WITH KAREN ARENDS, KRIS COFIELL, LINDA FOWLER, DAVID HADDOCK, VIRGINA MURRAY, JOYCE VANEK & JANIS WATTS
1. Describe the breed in three words. Breed type, strength and substance.
are scissored in the Lion Trim with comb-able length of coat to give the appearance of substance. Robust build that when felt is not, etc. I had the honor of judging at a National Specialty in Sweden in 2007. With an entry of over 100, the majority of dogs were in very long coat with seven or ten bladed rears and muzzles. The more dogs you see in Lion Trims with full coat, the easier it is to understand what is happening under the coat when the dog moves. Again, ultimately you must put your hands on the dog to truly understand how the dog is built.
2. What are your “must have” traits in this breed? 1) Strength; this breed should have the ability to work in the water tirelessly for a full day. 2) Balance; dogs with an effortless side gait, reach and drive on land and also perform well in the water. 3) Exemplary temperament; confident and happy worker with an endearing attitude.
3. Are there any traits in this breed you fear are becoming exaggerated? We continue to lose desirable angulation. 4. Do you think the dogs you see in this breed are better now than they were when you fi rst started judging? Why or why not? I do not see any appreciable change in quality.
3. Do you believe a PWD should be muscled and strong? If so, why?
Of course. It’s a working breed! The dog should have bone and substance without being coarse. This is an athletic breed, capable of so much: water work, agility, tracking, obedience, etc. if you get an opportunity to see a PWDCA Water Trial it will give you an appreciation of why having a solidly built, muscular body is important. Again, avoiding becoming coarse and ponderous.
5. What do you think new judges misunderstand about the breed?
Judges express great confusion about evaluating our breed, because of different trims, coat types, colors, size, etc. It saddens me to know that a number of them have trouble getting past all of the show to look at the dog underneath and not the trimmings. It is therefore, a true hands-on breed. A good PWD is correct whether they are a 17-inch bitch or a 23-inch dog, whether curly or wavy coated, whether black or brown, whether in a working retriever or lion clip or if they exemplify the standard spirited, yet obedient nature and a robust, medium build that allowed for a full day’s work in and out of the water. I would encourage judges and aspiring judges of our breed to make an effort to see these dogs work in the water to better appreciate the desirable physical attri- butes for the Portuguese Water Dog. Even as a breeder, who now works her dogs in the water, it was a learning experience for me.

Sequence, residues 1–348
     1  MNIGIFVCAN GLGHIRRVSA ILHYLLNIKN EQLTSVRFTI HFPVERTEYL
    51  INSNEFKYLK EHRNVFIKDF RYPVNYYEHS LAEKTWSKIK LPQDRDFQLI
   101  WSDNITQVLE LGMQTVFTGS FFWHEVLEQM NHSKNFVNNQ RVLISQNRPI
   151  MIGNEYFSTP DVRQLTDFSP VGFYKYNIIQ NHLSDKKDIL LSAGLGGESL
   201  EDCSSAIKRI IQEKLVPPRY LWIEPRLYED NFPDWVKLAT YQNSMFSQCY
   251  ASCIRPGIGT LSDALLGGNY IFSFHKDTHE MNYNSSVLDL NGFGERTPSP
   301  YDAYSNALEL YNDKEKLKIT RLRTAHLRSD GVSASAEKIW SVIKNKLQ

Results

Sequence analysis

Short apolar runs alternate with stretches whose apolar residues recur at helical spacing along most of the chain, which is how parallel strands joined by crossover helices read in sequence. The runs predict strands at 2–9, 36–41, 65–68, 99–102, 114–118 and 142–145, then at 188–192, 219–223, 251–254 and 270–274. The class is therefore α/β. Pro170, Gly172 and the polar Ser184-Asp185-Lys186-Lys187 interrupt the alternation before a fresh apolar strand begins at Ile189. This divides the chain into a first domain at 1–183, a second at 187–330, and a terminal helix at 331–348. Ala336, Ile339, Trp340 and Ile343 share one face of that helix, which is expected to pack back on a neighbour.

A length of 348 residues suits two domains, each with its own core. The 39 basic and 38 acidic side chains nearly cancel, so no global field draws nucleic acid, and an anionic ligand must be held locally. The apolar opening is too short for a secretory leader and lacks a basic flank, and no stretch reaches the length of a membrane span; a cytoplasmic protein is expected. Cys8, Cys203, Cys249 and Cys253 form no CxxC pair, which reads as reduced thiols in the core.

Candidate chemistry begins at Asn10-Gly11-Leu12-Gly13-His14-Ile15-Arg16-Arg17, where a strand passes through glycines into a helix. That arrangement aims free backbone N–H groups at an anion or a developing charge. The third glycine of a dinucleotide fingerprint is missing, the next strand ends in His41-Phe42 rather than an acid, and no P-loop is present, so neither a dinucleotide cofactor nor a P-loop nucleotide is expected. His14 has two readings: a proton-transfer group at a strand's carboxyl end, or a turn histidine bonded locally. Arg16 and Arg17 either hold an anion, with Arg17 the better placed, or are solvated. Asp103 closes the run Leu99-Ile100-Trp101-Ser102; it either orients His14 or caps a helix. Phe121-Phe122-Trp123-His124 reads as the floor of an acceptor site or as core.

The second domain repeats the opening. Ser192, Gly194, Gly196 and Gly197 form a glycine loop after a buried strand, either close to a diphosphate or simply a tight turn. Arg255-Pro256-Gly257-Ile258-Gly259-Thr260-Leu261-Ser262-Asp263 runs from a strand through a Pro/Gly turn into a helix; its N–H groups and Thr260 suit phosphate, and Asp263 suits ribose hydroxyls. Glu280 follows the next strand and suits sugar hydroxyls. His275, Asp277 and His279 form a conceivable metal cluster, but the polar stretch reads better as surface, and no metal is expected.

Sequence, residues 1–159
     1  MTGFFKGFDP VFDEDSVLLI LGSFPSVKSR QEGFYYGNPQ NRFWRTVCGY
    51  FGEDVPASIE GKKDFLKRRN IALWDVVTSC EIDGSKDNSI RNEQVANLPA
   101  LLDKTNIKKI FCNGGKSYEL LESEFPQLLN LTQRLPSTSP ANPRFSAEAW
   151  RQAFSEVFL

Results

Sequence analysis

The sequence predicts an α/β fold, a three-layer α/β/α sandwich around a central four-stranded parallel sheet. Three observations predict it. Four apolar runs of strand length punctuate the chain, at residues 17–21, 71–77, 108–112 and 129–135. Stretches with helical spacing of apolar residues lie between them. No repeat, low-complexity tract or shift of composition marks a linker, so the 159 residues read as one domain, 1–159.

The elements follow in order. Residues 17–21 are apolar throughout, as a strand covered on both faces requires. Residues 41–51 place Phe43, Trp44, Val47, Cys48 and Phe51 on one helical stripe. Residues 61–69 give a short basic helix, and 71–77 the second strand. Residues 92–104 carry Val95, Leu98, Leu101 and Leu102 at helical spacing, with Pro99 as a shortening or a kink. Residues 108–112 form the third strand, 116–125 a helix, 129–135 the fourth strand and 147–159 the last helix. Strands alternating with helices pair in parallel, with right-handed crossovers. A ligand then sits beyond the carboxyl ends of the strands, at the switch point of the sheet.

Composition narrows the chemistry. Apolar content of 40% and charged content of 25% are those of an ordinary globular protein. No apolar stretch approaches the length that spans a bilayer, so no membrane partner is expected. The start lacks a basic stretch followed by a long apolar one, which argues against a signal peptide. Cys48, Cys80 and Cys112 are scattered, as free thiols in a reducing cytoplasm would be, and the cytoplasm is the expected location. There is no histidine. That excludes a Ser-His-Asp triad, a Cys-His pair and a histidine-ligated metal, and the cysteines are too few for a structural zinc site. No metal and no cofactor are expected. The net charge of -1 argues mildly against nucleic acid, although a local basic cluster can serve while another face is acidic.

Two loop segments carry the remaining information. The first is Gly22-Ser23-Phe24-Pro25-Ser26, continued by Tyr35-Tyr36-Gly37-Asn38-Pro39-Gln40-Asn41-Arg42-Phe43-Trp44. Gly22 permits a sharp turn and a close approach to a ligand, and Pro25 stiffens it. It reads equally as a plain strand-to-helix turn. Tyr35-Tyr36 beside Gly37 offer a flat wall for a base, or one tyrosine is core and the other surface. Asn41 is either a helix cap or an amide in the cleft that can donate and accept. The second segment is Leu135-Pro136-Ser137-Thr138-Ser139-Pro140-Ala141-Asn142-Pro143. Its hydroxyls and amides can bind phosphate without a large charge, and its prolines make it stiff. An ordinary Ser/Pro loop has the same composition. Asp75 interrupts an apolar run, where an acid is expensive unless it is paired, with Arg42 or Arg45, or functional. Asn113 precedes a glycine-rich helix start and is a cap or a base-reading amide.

4. Bigger and taller is not necessarily correct in PWDs as there is an ideal height quoted in the Standard. Are you seeing this in the breed and if so, why are the bigger, taller dogs are being rewarded?
The breed standard allows for a large range from the smallest/lightest bitch to the tallest/heaviest allowable dog. Judges must take the height of a dog in to consid- eration when judging bone/substance. Too frequently, judges go down the line-up and feel head and bone as a last determination and reward the dog who has the biggest head/bone. This is often the tallest/biggest dog. Head size and bone should be proportionate to the height of the dog, so biggest dog may not be most correct proportionately. Again, seeing a PWD work in the water gives you a far better idea of what is called for in the writ- ten standard. DR. LINDA M. FOWLER I live in Columbia, South Caro-
6. Is there anything else you’d like to share about the breed?
Unfortunately, there probably isn’t enough room in just one article for me to share as much as I would like. DAVID HADDOCK I live in Nashville, Tennessee.
lina. I am presently retired; my career was in nursing and health care administration. It has been a pleasure to be involved in the sport of pure-bred dogs since 1976—as a breeder and exhibitor in conformation, rally, obedience and water work. I obtained first Portuguese Water Dog (male)
When I’m not dogging, I’m mak- ing money as an entrepreneur, investing in real estate and scuba diving. I have always had a dog and started in obedience and breed competition at age 14. My first obedience titled dog was an Alaskan Malamute, which I also handled to a breed champion- ship in the late 1970s. I obtained my first Portuguese Water Dog
in 1986 and a bitch the following year. In 1992, I was fully approved as the first PWD breeder judge and since have been approved to judge all Working breeds, Bearded Collies and Best in Show. It has been my honor to judge our National Specialty on three separate occasions, as well as a number of other Working breeds in Specialties.
S HOW S IGHT M AGAZINE , M AY 2018 • 295
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